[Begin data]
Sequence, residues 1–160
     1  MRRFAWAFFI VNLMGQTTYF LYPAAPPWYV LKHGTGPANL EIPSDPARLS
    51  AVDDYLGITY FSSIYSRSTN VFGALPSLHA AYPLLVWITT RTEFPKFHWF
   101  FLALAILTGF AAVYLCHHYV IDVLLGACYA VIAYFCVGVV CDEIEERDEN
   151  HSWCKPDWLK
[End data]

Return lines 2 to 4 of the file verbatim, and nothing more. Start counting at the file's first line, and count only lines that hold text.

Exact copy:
     1  MRRFAWAFFI VNLMGQTTYF LYPAAPPWYV LKHGTGPANL EIPSDPARLS
    51  AVDDYLGITY FSSIYSRSTN VFGALPSLHA AYPLLVWITT RTEFPKFHWF
   101  FLALAILTGF AAVYLCHHYV IDVLLGACYA VIAYFCVGVV CDEIEERDEN